How Marijuana gets people high

By Livescience Reporter

Scientists in the United States have decoded why cannabis, known in Nigeria as Indian Hemp or marijuana, make people high and change their perception of reality.

The secret, according to the scientists, lies in a class of compounds called cannabinoids.

While cannabis plants, first found in the Tibetan mountain, are known to produce at least 140 types of cannabinoids, there’s one that’s largely responsible for many of the effects of feeling high.

A man wraps marijuana to smoke

It’s called tetrahydrocannabinol, or THC.

When a person smokes or inhales cannabis, THC “goes into your lungs and gets absorbed … into the blood,” according to Daniele Piomelli, a professor of anatomy & neurobiology, biological chemistry, and pharmacology at the University of California, Irvine School of Medicine.

Edibles take slightly longer trip through the liver, where enzymes transform THC into a different compound that takes a bit longer to have an effect on people’s perception of reality.

THC that’s inhaled “reaches pretty high levels fairly quickly,” Piomelli told Live Science. Within 20 minutes, the circulatory system is carrying molecules of THC to every tissue in the body, including the brain, where it can alter neural chemistry.

READ ALSO  “Africa will become the cannabinoid production centre" - Expert says

“From the lungs, it’s a pretty straight shot to the brain,” according to Kelly Drew, a professor of chemistry and biochemistry at the University of Alaska Fairbanks.

The THC molecules that pass the blood-brain barrier will find that they fit snugly into receptors that ordinarily receive compounds called endocannabinoids, which the body produces itself.

These receptors are part of the endocannabinoid system, which is involved in several functions, including stress, food intake, metabolism and pain, according to Piomelli, who also directs the Center for the Study of Cannabis at UC Irvine.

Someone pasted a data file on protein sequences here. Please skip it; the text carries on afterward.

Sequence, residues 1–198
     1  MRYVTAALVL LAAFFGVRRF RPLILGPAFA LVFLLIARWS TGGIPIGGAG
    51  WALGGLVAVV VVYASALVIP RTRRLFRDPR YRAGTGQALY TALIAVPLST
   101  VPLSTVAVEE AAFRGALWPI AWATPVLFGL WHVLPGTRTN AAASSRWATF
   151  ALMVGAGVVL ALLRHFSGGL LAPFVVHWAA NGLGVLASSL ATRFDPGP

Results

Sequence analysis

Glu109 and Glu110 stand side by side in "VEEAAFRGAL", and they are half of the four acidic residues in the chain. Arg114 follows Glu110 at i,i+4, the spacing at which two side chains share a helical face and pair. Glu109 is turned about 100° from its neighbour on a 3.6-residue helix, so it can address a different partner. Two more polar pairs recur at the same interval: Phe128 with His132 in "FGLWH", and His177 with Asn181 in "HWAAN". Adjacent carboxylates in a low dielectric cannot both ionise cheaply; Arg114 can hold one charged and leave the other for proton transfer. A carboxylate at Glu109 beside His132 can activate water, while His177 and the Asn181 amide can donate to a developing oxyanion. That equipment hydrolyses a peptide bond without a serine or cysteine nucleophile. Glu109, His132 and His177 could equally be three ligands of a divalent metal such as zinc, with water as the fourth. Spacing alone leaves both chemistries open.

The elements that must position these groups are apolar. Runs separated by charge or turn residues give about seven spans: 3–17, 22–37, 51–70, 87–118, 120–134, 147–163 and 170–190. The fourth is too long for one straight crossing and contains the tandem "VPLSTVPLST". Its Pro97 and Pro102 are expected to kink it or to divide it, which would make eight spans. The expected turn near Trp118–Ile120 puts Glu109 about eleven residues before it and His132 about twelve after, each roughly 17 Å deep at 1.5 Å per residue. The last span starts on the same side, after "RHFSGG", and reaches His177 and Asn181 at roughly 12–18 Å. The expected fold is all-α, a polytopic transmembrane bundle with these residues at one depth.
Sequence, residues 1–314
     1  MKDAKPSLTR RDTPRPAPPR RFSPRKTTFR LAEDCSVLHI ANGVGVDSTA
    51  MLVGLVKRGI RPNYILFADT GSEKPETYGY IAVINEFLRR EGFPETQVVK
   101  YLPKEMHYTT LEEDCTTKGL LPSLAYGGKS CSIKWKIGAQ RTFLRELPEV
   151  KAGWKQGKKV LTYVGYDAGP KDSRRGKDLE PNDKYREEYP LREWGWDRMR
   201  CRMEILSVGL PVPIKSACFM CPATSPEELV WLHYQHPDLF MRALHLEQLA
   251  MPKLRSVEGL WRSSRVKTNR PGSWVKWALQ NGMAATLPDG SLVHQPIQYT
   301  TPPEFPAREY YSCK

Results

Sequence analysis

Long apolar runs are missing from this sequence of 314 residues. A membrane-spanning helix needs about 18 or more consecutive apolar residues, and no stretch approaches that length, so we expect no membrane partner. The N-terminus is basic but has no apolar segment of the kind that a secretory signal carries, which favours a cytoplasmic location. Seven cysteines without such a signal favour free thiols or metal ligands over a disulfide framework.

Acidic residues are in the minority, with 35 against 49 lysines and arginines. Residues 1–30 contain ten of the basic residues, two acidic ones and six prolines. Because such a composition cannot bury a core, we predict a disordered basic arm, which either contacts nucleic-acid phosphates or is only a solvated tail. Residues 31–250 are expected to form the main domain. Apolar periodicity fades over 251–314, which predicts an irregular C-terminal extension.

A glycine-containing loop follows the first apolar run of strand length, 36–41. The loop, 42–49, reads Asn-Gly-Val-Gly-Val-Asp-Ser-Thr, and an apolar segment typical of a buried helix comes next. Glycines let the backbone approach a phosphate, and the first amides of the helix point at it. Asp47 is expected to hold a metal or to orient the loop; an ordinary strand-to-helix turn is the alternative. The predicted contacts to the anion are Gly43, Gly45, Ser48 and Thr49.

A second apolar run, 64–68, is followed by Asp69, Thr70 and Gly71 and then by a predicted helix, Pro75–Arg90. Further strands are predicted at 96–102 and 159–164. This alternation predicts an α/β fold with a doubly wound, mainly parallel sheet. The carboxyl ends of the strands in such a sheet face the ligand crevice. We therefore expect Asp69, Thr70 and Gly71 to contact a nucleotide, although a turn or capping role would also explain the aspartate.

“The endocannabinoid system is the most pervasive, diffused and important modulatory system in the brain because it controls the release of pretty much every neurotransmitter,” Piomelli said.

Neurotransmitters are molecules that brain cells, or neurons, use to communicate with each other. One neuron sends a message to the next by releasing neurotransmitters, such as dopamine or serotonin, into an infinitesimal gap that separates one neuron from the next. The gap is called the synapse.

READ ALSO  Customs intercepts 3,593 kg of Marijuana in Kwara

The neuron on the receiving end of the synapse is called the postsynaptic neuron, and it “decides whether to fire based on the input it receives,” Drew told Live Science. These neural signals cascade through intricate circuits of neural connections that function on a tremendous scale; there are about 85 billion neurons in the brain and as many as 100 trillion connections among them.

The presynaptic neuron sends neurotransmitters across the synapse to the postsynaptic neuron, Piomelli said. But the presynaptic neuron can also receive information. When a postsynaptic neuron has fired, it can send a message across the synapse that says, “the neuron I come from has been activated,” stop sending neurotransmitters, Piomelli said. It sends this “stop” message in the form of endocannabinoids that bind to a receptor called cannabinoid 1 (CB1).

“Like a sledgehammer”
When THC enters the brain, the molecules diffuse into the synapses where they “activate CB1 receptors,” Drew said. THC doesn’t cause the most extreme possible response like some synthetic cannabinoids such as K2 or spice, but it does “turn up the volume” and increase the likelihood that the presynaptic neuron it affects will temporarily stop sending neurotransmitters, she said.

READ ALSO  Customs impounds cannabis-filled Volkswagen in Kaduna

“The high is a very simple phenomenon, Piomelli said.

“THC comes in like a sledgehammer,” flooding the endocannabinoid system with signals the postsynaptic neurons didn’t send. When presynaptic neurons across the brain get the memo to stop sending neurotransmitters, this alters the normal flow of information among neurons and results in a high.

Scientists have yet to decipher exactly what happens during this euphoria.

Read More in Livescience